You also ask whether a county may pay the employer's share of employment taxes on salary supplements paid to assistant district attorneys from the hot-check fund or the monies the district attorney receives from the state under another provision of chapter 46. See Request Letter, supra note 1, at 2. We assume you ask about assistant district attorneys employed by the district attorney of the 142d Judicial District, who "represents the state in criminal cases in all district and inferior courts other than municipal courts having jurisdiction in Midland County," and who has the powers and duties relating to: "(1) the prosecution of felony and misdemeanor criminal cases; (2) matters directly relating to criminal cases, including asset and bond forfeitures; and (3) delinquent children, children in need of supervision, and protective orders" under chapter 71 of the Family Code. See Tex. Gov't Code Ann. 43.157 (Vernon Supp. 2001).

As a general matter, section 41.106 of the Government Code vests a prosecuting attorney with the power to "fix the salaries of his assistant prosecuting attorneys, investigators, secretaries, and other office personnel." Id. 41.106(a) (Vernon 1988). However, this authority is subject to the approval of the commissioners court of the county (or counties) composing the district, which may change salaries proposed by a prosecuting attorney, as in the case of ordinary county employees. See id. (prosecuting attorney's authority to fix salaries is "subject to the approval of the commissioners court of the county or counties composing the district"); see also Comm'rs Court of Caldwell County v. Criminal Dist. Attorney, Caldwell County, 690 S.W.2d 932, 939 (Tex. App.-Austin 1985, writ ref'd n.r.e.). Section 41.106 addresses salaries paid from county funds. However, you ask about salary supplements paid not from county funds, but from funds over which the prosecuting attorney is vested significant discretion. See Request Letter, supra note 1, at 2.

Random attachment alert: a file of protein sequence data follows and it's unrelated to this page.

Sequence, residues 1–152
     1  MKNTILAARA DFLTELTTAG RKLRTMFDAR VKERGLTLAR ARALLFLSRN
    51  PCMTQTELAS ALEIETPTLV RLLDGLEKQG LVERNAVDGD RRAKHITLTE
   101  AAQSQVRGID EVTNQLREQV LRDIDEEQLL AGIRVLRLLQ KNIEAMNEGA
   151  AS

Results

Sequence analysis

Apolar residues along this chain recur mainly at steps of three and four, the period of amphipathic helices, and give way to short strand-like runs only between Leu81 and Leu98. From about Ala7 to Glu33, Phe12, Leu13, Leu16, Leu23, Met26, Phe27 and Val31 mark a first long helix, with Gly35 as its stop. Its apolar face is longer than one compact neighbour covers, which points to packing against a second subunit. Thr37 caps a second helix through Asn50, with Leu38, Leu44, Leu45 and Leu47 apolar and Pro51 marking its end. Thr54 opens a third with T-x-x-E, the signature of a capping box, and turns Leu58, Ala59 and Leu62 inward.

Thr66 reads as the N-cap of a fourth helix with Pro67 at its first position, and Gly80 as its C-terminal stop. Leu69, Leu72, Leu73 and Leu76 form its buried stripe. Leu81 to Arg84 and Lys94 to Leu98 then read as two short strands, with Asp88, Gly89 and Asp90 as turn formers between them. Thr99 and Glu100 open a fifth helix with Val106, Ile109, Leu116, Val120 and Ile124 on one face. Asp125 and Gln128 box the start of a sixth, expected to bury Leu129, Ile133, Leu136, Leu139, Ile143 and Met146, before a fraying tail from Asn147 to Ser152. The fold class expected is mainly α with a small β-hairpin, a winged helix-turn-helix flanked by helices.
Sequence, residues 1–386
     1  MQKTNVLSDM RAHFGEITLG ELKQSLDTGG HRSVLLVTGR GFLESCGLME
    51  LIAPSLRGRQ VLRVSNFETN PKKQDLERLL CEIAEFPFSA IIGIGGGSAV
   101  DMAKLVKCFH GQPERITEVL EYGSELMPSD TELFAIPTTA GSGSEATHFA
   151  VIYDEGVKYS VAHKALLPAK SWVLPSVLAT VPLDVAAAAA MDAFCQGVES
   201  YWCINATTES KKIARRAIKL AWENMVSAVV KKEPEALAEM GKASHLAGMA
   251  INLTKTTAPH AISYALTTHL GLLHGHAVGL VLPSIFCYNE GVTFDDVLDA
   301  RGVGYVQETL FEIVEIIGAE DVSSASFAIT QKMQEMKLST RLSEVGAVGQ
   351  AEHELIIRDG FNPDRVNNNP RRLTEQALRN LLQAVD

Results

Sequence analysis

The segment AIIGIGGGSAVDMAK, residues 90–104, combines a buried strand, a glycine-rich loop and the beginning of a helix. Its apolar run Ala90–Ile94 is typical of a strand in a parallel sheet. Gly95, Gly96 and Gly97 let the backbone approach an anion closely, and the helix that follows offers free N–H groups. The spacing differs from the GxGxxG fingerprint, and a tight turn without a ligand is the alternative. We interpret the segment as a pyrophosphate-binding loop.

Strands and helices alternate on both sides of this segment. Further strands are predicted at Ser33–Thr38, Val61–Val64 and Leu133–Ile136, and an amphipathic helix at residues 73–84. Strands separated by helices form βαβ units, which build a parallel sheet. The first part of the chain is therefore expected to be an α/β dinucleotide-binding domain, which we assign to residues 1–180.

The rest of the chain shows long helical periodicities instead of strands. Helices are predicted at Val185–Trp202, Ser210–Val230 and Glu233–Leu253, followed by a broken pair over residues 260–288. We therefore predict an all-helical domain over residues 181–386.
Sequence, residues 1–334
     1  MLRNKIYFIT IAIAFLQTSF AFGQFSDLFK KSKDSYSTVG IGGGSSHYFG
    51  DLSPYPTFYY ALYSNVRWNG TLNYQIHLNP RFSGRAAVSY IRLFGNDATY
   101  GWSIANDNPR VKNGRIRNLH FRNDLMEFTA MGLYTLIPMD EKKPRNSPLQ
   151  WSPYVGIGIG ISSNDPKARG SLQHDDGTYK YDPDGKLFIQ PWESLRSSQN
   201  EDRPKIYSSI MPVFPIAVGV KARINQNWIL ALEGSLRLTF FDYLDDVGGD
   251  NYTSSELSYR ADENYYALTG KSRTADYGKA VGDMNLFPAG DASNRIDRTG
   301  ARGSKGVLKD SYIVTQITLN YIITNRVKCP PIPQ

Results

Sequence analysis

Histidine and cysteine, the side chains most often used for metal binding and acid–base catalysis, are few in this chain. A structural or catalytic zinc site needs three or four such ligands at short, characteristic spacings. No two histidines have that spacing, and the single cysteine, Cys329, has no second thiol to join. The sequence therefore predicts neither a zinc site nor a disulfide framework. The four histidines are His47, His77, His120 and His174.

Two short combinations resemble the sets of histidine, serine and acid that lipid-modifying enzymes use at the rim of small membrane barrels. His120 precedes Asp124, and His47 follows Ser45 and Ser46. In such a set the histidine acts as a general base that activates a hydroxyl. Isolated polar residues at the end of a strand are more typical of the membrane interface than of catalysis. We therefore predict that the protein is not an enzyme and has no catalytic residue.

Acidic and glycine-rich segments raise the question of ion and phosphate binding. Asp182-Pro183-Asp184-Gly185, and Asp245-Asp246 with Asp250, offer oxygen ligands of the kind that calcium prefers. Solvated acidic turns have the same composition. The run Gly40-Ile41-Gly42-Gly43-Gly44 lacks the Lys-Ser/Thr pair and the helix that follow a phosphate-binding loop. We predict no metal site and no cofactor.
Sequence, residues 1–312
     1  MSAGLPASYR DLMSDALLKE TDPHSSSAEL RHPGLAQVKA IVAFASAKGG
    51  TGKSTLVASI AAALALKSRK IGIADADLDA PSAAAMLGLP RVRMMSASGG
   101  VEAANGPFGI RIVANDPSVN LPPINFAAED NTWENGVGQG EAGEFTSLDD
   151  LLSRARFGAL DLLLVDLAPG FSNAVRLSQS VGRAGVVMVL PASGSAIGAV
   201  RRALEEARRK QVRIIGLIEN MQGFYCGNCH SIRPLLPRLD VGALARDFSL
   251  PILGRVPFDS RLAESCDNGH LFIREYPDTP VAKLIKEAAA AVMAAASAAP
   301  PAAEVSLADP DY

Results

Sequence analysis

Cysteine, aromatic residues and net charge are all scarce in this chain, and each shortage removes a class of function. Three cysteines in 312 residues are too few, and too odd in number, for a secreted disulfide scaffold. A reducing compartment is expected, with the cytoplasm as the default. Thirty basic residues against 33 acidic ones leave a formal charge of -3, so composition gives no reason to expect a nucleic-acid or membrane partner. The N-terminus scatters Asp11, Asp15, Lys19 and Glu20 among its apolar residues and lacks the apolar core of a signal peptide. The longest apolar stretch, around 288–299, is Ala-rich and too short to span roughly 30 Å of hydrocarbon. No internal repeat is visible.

Section 46.004 of the Government Code creates a state supplement for the office of a state prosecutor rather than a state salary supplement, providing that "[e]ach state prosecutor is entitled to receive not less than $22,500 a year from the state to be used by the prosecutor to help defray the salaries and expenses of the office. That money may not be used to supplement the prosecutor's salary." Tex. Gov't Code Ann. 46.004(a) (Vernon Supp. 2001). This office has held on at least two occasions that these funds "may be used in [the district attorney's] sole discretion for the purposes authorized under the statute and are not subject to control by the commissioners court." Tex. Att'y Gen. Op. No. JM-70 (1983) (addressing statutory predecessor to Government Code section 46.004, former article 332b-4, section 4 of the Revised Civil Statutes). We concluded with respect to the statutory predecessor to section 46.006, for example, that "[county] budgetary statutes permit the commissioners court to determine the use of county funds only. It may show the availability of state funds appropriated to local officials to be used in their discretion, but may not purport to determine their use." Id.; see also Tex. Att'y Gen. Op. No. JM-428 (1986) (addressing Government Code section 46.004).